Woman (72) awarded €25,000 in damages after sunroof blew off daughter’s car
The sunroof blew off the car when it was being driven at about 90km/hour on the M1.
A 72-year-old widow, who injured her back when the sunroof in her daughter’s car blew away as it drove along the M1, has been awarded €25,000 in damages against car supplier Denis Mahony Limited.
Circuit Court President, Justice Raymond Groarke, heard in the Circuit Civil Court today that “it was like a bomb going off in the car” when the air rushed in.
Barrister John Nolan told the court Pamela Boylan was driving her family to Newry, Co Down for a pre-Christmas shopping trip in November 2013 when the accident happened and she had to slam on the brakes, injuring five adults as they were knocked “forwards and then backwards” in the car.
Pamela (43) of Hampton Wood Road, Finglas, Dublin, who was awarded €12,500 damages for neck and shoulder injuries suffered in the incident, said she was driving between 80 and 90 kilometres an hour when there was a bang and a sudden rush of air into the car.
She told Nolan, who appeared with Kent Carty Solicitors, she immediately slammed on the brakes and pulled onto the hard shoulder. She had pulled into an Applegreen filling station where a black plastic bag was stuck over the hole in the roof.
Boylan said her mother, widow and pensioner Kathleen Boylan, of Balbutcher Lane, Poppintree, Dublin, and three other family members in the car had been injured. A six-month-old baby and a three-year-old child in a baby chair had escaped injury.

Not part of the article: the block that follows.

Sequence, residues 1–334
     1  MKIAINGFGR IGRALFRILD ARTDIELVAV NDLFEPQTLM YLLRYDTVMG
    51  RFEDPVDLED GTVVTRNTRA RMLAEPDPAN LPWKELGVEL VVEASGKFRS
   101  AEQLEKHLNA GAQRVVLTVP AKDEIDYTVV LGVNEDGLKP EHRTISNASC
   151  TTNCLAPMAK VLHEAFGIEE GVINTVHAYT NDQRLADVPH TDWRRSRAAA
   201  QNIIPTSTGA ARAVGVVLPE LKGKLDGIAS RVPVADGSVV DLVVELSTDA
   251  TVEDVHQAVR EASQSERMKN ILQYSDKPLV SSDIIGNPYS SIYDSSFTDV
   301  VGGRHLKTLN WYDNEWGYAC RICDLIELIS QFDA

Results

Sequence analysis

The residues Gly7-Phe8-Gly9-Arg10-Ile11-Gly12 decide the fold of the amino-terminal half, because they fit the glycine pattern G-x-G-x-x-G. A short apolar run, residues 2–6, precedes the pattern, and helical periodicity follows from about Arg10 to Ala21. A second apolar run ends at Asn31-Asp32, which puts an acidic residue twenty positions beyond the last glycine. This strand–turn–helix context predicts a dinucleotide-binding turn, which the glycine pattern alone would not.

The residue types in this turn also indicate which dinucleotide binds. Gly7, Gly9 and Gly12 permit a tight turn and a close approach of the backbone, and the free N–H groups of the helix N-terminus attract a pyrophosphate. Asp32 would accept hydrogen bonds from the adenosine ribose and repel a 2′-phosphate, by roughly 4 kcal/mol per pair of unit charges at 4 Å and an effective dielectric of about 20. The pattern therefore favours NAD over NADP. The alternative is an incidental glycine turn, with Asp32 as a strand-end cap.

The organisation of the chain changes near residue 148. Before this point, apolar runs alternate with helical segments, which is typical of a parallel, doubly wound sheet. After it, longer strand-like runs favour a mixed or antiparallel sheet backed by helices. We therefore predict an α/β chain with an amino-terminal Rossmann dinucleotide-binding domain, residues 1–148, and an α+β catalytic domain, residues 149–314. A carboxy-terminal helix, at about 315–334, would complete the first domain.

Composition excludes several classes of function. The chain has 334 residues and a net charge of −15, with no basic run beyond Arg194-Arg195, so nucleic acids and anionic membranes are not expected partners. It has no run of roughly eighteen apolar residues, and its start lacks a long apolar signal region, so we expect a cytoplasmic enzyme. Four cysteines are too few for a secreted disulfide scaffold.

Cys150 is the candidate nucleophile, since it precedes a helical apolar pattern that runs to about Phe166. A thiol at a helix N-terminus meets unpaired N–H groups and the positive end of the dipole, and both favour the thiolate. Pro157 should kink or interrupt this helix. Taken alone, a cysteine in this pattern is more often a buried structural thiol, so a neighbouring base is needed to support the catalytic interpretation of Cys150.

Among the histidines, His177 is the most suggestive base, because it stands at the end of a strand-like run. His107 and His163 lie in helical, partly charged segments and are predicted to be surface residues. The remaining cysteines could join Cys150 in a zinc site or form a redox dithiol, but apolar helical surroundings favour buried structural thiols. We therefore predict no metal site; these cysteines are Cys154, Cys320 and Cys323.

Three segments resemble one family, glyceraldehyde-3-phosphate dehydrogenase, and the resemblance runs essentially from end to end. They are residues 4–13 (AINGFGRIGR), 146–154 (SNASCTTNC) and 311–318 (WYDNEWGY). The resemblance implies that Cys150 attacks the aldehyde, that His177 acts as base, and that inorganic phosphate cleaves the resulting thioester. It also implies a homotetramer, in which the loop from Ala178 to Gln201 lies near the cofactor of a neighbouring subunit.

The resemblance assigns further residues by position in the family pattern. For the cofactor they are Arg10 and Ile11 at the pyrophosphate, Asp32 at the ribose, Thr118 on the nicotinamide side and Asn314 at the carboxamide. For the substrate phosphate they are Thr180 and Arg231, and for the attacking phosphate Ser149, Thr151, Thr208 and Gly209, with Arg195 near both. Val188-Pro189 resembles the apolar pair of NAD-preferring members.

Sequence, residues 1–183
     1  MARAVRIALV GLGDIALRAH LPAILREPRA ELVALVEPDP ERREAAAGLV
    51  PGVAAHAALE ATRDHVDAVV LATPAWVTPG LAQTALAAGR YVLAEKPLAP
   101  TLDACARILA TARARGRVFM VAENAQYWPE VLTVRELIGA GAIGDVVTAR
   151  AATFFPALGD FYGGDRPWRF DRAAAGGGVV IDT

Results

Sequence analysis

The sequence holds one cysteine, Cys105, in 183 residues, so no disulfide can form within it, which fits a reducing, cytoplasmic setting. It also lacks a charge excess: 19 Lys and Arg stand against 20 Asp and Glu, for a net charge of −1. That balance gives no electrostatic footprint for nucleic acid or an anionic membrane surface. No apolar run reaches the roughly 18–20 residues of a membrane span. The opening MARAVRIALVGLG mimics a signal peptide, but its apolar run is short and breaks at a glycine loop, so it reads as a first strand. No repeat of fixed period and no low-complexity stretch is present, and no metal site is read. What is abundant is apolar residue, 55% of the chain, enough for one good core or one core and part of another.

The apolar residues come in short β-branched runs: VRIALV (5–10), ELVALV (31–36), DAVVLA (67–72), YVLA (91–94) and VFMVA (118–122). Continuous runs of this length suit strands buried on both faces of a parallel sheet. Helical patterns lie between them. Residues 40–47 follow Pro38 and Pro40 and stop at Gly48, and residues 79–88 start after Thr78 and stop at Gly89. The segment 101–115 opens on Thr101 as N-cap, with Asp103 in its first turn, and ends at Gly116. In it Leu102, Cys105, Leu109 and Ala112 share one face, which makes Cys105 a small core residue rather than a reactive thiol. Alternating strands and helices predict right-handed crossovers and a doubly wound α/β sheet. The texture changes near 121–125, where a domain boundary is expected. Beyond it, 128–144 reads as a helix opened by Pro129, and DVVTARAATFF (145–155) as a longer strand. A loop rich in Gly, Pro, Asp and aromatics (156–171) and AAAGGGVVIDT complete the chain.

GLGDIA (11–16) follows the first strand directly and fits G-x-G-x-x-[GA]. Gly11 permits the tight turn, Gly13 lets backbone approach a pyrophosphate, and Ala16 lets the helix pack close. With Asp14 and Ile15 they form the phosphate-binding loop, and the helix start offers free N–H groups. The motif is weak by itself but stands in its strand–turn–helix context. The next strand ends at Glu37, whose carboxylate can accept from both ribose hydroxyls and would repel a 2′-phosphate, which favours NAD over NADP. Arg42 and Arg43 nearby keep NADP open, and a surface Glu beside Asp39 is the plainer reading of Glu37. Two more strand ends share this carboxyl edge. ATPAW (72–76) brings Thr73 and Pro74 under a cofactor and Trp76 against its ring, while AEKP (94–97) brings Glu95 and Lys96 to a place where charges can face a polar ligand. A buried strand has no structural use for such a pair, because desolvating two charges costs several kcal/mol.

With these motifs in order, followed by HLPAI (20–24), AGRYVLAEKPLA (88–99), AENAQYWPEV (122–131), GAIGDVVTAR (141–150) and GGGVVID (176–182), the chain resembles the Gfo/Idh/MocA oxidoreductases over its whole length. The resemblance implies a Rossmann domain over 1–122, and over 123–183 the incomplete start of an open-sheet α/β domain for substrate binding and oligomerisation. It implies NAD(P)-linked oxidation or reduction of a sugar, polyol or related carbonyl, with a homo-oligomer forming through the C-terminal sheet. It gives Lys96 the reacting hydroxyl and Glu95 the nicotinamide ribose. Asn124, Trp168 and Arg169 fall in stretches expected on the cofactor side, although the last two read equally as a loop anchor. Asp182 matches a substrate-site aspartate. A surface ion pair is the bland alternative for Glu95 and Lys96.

Nolan said there were three other injury claims arising from the incident and would be heard later by the court.
Judge Groarke heard that the 2005 Toyota car had been bought from Denis Mahony Limited four months before the incident and had been expected “to be fit for purpose and of merchantable quality and free from defects”.
David Geary, an independent motor assessor, told Nolan he had examined the car and had found corrosion around the remaining frame of the sun roof. If the garage had inspected the sunroof the rust would have been visible.
Geary said the extent of the corrosion indicated that it had been present on the vehicle prior to it having been sold by Denis Mahony, Kilbarrack Road, Dublin 5. It would have been noticeable if the roof had been inspected adequately.
John Beirne, customer services manager at Denis Mahony, said the condition of the sunroof would have come under the heading of an electricals check on the car. When asked by Judge Groarke why the garage would not accept responsibility for the sun roof flying off the car he said: “I accept what you are saying.”
Judge Groarke, awarding damages to both of the Boylans, said there had been a serious defect in the car which had resulted in a catastrophic failure of the sunroof which could have been found had there been a full and adequate pre-sale inspection.
He accepted that the sun roof flying off at 90 kilometres an hour would have been a shocking and frightening experience and it was understandable that Boylan’s immediate reaction would have been to slam on the brakes, jolting everyone in the car forward and then backward.
The judge said he accepted medical evidence that Boylan senior had suffered a compression fracture of one of the vertebrae in her lower back and awarded her €25,000. Pamela Boylan had made a fairly quick recovery and he awarded her €12,500 in damages.
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